But isn't that why camera makers have so-called prosumer models? For the hobby enthusiast who likes cool gear and features, but either won't pay for, or sees the absurdity of, the $6,000 camera?

The 1ds mark lll that I bought in 2008 is still my only camera and has been since the day I brought it home like a proud dad who didn't know how to hold his big baby. 99.9% of the shots taken with it have never made it to a print, which is ridiculous when you consider the cost of the lump. And that 99.9% has nothing to do with being highly selective and everything to do with being majorly skint. Maybe it was the best of its day, but buying it wasn't the best decision I ever made.

I'm into hiking, and know the value of a good pair of boots but, just like being over-geared camera wise, you can be over booted. Walking down cinder paths in pair of heavy-all-season boots is a waste of energy and money, and is the walking equivariant of photographers who want to 'cover all the bases' but end up shooting their pets most of the time.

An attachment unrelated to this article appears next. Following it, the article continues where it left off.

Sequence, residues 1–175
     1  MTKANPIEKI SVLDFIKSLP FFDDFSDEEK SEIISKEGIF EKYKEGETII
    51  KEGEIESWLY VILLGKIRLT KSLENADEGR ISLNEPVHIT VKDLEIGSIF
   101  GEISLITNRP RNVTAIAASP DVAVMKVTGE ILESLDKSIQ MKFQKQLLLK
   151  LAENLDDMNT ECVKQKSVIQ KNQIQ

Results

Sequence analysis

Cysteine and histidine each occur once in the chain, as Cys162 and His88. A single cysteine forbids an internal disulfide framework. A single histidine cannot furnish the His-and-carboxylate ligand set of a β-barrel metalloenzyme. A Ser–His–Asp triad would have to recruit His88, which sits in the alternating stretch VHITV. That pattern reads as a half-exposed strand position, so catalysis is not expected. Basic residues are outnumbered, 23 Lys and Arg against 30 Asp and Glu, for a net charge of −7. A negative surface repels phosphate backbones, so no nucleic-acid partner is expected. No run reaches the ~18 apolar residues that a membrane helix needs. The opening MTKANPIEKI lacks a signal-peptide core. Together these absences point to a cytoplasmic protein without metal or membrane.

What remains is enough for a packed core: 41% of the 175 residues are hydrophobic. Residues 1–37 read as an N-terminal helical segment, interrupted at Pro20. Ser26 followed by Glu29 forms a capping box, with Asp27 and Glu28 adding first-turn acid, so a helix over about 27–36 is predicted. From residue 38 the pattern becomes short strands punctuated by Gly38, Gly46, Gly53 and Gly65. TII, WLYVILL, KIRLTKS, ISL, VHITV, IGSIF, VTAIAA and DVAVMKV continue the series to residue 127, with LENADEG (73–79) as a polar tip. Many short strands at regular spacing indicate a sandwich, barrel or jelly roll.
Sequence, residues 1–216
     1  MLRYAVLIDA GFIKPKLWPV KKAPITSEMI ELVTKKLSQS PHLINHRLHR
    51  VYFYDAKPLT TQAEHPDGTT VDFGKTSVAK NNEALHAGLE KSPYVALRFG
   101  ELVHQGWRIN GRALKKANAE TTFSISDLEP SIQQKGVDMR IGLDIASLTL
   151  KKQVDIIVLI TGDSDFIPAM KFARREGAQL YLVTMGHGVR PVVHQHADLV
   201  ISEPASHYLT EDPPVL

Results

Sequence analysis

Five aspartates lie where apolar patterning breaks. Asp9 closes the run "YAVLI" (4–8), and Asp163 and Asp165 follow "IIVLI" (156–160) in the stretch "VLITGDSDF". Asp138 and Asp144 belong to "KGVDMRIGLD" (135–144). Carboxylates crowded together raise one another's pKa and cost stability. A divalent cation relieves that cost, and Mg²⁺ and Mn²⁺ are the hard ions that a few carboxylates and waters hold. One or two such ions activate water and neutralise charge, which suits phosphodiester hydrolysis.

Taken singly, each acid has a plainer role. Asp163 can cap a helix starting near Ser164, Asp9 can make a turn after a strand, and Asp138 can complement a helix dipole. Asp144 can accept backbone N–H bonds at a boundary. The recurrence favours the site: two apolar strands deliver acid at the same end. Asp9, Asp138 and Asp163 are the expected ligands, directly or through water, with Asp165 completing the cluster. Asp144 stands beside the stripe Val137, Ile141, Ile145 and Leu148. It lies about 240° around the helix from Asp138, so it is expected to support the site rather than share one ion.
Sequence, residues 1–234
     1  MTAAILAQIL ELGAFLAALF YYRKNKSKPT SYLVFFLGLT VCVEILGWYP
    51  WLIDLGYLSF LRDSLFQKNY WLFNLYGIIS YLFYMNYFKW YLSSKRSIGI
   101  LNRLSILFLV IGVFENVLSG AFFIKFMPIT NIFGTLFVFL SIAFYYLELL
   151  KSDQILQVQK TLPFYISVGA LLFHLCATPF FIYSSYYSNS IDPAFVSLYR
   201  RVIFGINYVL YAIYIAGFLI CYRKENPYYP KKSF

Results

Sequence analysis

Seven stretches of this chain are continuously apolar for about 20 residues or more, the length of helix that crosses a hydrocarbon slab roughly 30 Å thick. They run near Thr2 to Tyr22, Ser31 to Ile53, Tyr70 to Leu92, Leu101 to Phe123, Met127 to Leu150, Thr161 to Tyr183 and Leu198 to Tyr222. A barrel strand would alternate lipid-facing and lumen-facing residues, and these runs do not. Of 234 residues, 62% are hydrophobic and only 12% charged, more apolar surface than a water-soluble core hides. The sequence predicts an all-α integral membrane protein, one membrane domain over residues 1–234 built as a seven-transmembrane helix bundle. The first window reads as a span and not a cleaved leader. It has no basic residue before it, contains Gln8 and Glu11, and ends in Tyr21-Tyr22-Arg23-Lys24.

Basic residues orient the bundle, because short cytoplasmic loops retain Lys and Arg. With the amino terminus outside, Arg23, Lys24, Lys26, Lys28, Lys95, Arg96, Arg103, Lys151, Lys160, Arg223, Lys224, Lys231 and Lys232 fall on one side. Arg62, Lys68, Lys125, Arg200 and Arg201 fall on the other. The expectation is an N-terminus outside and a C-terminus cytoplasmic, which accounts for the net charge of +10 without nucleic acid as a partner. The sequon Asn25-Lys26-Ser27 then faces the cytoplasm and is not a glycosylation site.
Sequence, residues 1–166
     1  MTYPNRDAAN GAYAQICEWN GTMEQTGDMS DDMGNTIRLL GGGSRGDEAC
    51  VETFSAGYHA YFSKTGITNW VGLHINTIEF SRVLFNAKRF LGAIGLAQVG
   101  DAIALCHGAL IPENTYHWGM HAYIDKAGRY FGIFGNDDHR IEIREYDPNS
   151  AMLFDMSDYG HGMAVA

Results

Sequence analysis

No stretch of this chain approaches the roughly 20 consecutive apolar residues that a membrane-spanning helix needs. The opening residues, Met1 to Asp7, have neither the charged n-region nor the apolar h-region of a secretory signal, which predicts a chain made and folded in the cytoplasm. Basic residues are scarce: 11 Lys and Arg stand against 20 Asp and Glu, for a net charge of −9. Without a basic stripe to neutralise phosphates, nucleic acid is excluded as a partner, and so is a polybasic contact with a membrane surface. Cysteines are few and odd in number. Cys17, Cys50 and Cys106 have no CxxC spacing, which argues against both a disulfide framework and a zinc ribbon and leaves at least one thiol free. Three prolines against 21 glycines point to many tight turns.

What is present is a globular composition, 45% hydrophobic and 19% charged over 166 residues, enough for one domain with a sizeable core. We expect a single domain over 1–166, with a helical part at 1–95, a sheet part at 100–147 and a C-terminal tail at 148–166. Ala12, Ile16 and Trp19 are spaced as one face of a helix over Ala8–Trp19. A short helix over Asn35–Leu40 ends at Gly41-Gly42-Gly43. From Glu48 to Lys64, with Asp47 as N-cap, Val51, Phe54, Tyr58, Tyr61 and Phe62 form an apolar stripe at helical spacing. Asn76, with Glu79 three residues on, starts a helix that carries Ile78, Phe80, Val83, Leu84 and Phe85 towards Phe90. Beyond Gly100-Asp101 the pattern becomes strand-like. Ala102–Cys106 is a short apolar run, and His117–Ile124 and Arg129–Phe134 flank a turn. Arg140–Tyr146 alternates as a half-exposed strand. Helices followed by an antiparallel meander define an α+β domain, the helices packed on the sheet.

As someone who had holes in my shoes as a kid, and made do with trainers that featured two or four stripes, I can say that having to hold onto things for too long is pretty wearing.

I just looked at the intro price of a Nikon F4. $2500 in 1988. In today's dollars, that is about $6,109.66. (Just punch it into a search engine of your choice.)

A Z9 is less today. It is less even before you pay for a single roll of film. Imagine being told that the top of the line camera would cost less, and you could have unlimited film for $130, the price of a CF Express card.